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Journal of Sensors
Volume 2018, Article ID 1210609, 2 pages
https://doi.org/10.1155/2018/1210609
Editorial

Sensors and Data Processing Techniques for Future Medicine

1Tokyo Metropolitan University, Tokyo, Japan
2Kansai University, Osaka, Japan
3University of Electro-Communications, Tokyo, Japan
4Nanyang Technological University, Singapore

Correspondence should be addressed to Takemi Matsui; pj.ca.umt@iustamt

Received 29 July 2018; Accepted 29 July 2018; Published 24 September 2018

Copyright © 2018 Takemi Matsui et al. This is an open access article distributed under the Creative Commons Attribution License, which permits unrestricted use, distribution, and reproduction in any medium, provided the original work is properly cited.


Varieties of innovative and high precision sensors have been developed and became available for versatile application. Such sensors, when combined with data processing techniques of artificial intelligence, can make a huge impact on healthcare technologies. That is, a system can screen symptoms such as infection, cardiovascular failure, and major depressive disorders, just as experienced physicians diagnose with stethoscope and percussion.

These sensors not only substitute a portion of an experienced physician but also win advantage over physicians in some aspects. A microwave radiated from a small and low-cost microwave-Doppler sensor can penetrate clothes and comforters and monitor not only thoracic respiratory motions and heart rates of patient but also activation of his/her autonomic nerve system located in the hypothalamus of the brain stem using heart rate variability indices calculated from time series of heart rates. An approach has been already conducted to distinguish major depressive disorder patients from normal people under mental work load using a high precision photoplethysmographic sensor, a microwave-Doppler sensor, and a conventional electrocardiogram sensor. Emerging sensors and data processing techniques appear promising for not only physical disease diagnosis but also psychiatric disorder screening in future medicine.

The objective of this special issue is to publish high-quality papers and promote researches in sensors and data processing techniques. Potential topics include but are not limited to the following: psychiatric disorder screening using sensors, sensors for daily stress monitoring, sensor-based data processing and diagnosis technique for future medicine and psychiatry, sensors designed for future medicine and psychiatry, application of conventional sensors for future medicine, sensor-based elderly monitoring in future super aging society, sensor application to robots used for elderly care at nursing care facilities and home, application of a microwave sensor for future medicine, sensor-based infection screening, emerging applications of infrared sensors in medical fields, and monitoring sensors for companion animals.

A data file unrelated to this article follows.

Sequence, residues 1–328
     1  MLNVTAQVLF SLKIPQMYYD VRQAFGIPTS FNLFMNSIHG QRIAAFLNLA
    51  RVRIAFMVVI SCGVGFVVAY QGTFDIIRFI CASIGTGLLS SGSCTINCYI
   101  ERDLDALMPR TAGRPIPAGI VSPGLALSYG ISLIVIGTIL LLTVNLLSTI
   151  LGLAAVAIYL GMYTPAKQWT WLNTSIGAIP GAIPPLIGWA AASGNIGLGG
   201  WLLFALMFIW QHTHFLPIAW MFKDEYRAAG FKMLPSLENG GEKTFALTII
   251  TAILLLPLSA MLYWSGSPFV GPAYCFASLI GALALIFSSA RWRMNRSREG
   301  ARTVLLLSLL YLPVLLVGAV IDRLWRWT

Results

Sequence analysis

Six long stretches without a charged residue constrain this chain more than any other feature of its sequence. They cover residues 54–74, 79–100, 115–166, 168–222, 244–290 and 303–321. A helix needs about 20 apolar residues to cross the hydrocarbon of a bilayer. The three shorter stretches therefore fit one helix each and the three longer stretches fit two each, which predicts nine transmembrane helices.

We welcomed papers not only biomedical sensing techniques but also diagnosing and therapeutic techniques based on sensor-determined vital signs.

The papers have been peer reviewed and have been selected on the basis of their quality and relevance to the topic of this special issue.

The paper “The Development of a Dual-Radar System with Automatic Hypopnea Threshold Optimization for Contact-Free Sleep Apnea-Hypopnea Syndrome Screening” deals with not only sleep apnea sensing techniques using dual radars located beneath bed mattress but also ideal screening algorism which determines the hypopnea threshold.

The clinical application of the developed portable vital sign monitoring system was achieved in the “Vital-SCOPE: Design and Evaluation of a Smart Vital Sign Monitor for Simultaneous Measurement of Pulse Rate, Respiratory Rate, and Body Temperature for Patient Monitoring.”

The therapeutic aspects of sensor application for cancer therapy was achieved in “Thermal Sensor Circuit Using Thermography for Temperature-Controlled Laser Hyperthermia.”

Monitoring techniques for domestic animals appeared in “Detection of Stress Hormone in the Milk for Animal Welfare Using QCM Method.”

A paper which may not appear in the regular issue of this journal is also published in this special issue, the paper which utilized a game as a sensing tool for oral-facial malfunction, i.e., “An Innovative Serious Game for the Detection and Rehabilitation of Oral-Facial Malfunction in Children: A Pilot Study.”

We hope that this special issue will be useful for researchers from the academia and the industry, standard developers, policy makers, professionals, and practitioners.

Conflicts of Interest

As the guest editorial team, we declare that there are no conflicts of interest or private agreements with companies regarding our work for this special issue. We have no financial relationships through employment and consultancies, either stock ownership or honoraria, with industry.

Takemi Matsui
Satoshi Suzuki
Guanghao Sun
Eddie Ng Yin Kwee